Years later, the problems arrived. “He started by falling,” Sharon Stevans said. “He started stumbling, not so much tripping over his feet, but tipping over. He felt like his legs weren’t connected to his brain anymore and he would just fall.”
Tremors came, and now memory loss and “some cognitive changes” have been added to his symptoms. “Since then he’s continued to deteriorate,” she said.
Sharon Stevans initially suspected exposure to Agent Orange, but when she looked into it, she discovered the water issue at Camp Lejeune.
“The Marine Corps was supposed to have sent out letters to everybody — 900,000 people that were affected by this,” she said.
She tried to sign him up for Veterans Affairs services related to Camp Lejeune in 2018; he was denied in 2019.
“We did get approval for some other things related to the military, so he wasn’t totally denied, but the issues related to Camp Lejeune — they denied that they were related to the water,” she said.
But she has medical records from December 2017 when Mike Stevans took part in a study by a Veterans Affairs facility in East Orange, New Jersey, that acknowledged the effects of Camp Lejeune on his body.
Mike Stevans now sees a neurologist at Massachusetts General Hospital in Boston, where a center deals with movement disorders. It’s not covered by the VA benefits.
He still walks when he can, with braces on his legs. He has a wheelchair for longer distances. It’s been a long road, but Sharon Stevans says they know what’s ahead.
“These kinds of degenerative diseases don’t lead to good things,” she said. “Gradually, bit by bit, gradually you have your independence taken away from you.”
The VA care has been good, she said, but the hardest part is trying to get through the bureaucracy.
“That’s been the biggest shock to me — I really thought that when you joined there’d be a contract to take care of you, to do the right thing by your men and your women and I haven’t found that to be true,” she said.
She needed an advocate, so now she’s willing to be one for the Morehouses.
“The slogan for the Marine Corps is Semper Fi — Always Faithful,” Sharon Stevans said. “Well, the Marine Corps and the Navy have not been ever faithful over this issue. They’ve minimized it, they’ve swept it under the rug, they’ve denied most of the applications for health assistance from the families and the Marines.”
It’s been almost a year and a half since Diane Tedesco died from leukemia stemming from her training at Camp Lejeune.
“I only know what she’s told me,” said Tom Tedesco. “She was a Navy corpsman and she was stationed at Camp Lejeune to go through the Marine training to become a field corpsman back in 1987, that’s how she came into contact with the water.”
She spent two months there. Two decades later, she was diagnosed with chronic myeloid leukemia. She was 42.
“I asked how do you get CML? Is it hereditary? How do you get this because it was just out of the blue?” Tom Tedesco said.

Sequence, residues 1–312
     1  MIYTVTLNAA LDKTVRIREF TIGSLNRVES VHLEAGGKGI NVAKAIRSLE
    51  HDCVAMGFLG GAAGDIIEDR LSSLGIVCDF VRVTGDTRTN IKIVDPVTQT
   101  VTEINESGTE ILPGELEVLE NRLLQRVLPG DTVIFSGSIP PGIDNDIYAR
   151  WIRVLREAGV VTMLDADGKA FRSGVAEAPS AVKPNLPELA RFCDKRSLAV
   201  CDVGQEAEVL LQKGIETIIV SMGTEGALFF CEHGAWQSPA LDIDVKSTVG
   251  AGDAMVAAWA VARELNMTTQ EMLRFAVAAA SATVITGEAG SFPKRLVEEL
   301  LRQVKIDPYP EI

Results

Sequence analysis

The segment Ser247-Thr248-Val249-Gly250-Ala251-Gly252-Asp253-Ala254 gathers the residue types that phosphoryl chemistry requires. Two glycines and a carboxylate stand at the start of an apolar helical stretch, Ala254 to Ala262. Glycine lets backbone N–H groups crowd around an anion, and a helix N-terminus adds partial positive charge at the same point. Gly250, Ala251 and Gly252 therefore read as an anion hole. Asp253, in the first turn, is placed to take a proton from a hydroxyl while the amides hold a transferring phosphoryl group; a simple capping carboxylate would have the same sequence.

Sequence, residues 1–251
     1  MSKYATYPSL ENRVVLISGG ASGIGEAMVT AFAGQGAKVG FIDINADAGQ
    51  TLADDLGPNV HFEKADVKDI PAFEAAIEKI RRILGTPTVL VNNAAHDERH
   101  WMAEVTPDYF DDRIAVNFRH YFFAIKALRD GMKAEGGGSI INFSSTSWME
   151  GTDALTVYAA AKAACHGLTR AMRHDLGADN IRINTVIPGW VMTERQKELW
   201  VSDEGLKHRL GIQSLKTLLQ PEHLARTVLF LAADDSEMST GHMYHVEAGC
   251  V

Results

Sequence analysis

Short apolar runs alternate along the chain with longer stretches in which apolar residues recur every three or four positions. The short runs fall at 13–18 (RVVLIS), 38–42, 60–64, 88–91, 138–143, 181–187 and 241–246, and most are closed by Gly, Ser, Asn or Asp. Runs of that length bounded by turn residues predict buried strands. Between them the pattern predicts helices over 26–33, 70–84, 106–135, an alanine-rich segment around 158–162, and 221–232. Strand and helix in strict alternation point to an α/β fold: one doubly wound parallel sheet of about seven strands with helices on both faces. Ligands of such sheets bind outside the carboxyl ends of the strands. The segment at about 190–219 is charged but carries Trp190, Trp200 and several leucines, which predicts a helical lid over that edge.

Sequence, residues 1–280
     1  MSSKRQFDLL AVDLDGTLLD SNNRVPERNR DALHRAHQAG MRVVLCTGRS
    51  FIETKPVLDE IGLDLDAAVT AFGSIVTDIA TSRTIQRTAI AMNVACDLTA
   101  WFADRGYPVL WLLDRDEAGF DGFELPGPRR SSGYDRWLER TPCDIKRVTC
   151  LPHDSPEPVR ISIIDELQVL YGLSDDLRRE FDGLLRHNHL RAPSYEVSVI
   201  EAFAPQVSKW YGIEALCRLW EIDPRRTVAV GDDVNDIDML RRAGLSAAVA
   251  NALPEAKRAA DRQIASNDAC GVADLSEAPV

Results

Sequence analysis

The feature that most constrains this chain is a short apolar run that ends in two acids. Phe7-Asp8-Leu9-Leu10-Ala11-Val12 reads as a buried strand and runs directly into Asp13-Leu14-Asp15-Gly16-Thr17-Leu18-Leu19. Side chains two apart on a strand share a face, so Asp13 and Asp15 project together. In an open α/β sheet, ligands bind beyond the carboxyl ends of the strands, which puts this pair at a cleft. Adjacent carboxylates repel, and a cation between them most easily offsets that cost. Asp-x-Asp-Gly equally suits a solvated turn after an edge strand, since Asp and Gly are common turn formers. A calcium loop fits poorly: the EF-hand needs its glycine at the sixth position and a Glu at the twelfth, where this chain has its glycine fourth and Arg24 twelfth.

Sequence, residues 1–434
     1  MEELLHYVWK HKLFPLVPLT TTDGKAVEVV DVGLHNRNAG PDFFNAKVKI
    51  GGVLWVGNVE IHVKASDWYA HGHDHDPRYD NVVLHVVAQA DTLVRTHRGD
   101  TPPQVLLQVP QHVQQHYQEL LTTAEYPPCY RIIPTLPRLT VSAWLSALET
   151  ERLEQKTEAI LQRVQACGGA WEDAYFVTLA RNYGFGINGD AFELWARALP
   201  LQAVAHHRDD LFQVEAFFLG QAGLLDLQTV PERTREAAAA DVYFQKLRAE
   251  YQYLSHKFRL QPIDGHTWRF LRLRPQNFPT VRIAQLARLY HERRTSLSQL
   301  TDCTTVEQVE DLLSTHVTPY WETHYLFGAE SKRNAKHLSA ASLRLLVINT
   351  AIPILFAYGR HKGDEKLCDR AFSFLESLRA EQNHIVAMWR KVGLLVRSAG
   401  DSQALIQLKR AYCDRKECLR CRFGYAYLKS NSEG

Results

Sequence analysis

Doctors indicated the cancer could be because of chemical exposure.
Five years later, in 2012, Diane was going through a stem cell transplant in Buffalo when she received a letter from the Marine Corps “stating if you were stationed at Camp Lejeune you could have come into contact with contaminated water and the No. 1 thing on the list is the leukemia she got.”
Years would pass before they would start the process to get benefits through Veterans Affair because they were in and out of hospitals, Tom Tedesco said.
“She got really sick and to save her life they used every steroid under the sun and it killed her immune system,” he said. “They said that she was the sickest person to ever walk off their floor up there.”
When they did begin filling out the paperwork, it took forever.
“Because it was so new to the VA, a lot of it was fresh for every veterans officer filing these claims, so they really didn’t know a lot about it,” Tedesco said. “They were kind of learning as we were learning as to what needed to be done, but the process took so long.”
Diane Tedesco did not connect with services for five years. In early November 2017, she was diagnosed with breast cancer. A few weeks later, her coverage was approved.
She died a year later.
“She passed away because her immune system was shot still because of all the treatments she had to go through to save her life,” he said.
The financial burden took a toll, too. Diane Tedesco had been a nurse and earned more than her husband, but had to quit when she grew too sick. She blamed herself for the costs.
“For her, mentally, it was horrible, as it is for anyone going through this,” Tom Tedesco said. “The money wasn’t going to save her life, that was just compensation mentally for her.”
Still, she kept hope, Tom Tedesco said.
“If you ever met her during these times and you sat and talked with her, you wouldn’t know that she was in the pain that she was in,” he said.
When Diane Tedesco died, he focused on their three children.
“I went back to Wisconsin and visited family again and that helped,” he said. “My daughter started playing volleyball at college — I just went to every game she had and just kept moving. I know it gets better but you know you’re with someone for 30 years, it doesn’t go away quickly.”
He is still coping. One way is by helping others. He became a Veterans Affairs officer and joined Cortland County in January.
“They really need to take care of people quicker — sooner rather than later,” he said. “The VA claims process takes a long time and I don’t know why it takes that long and that’s for anything, not just Camp Lejeune.”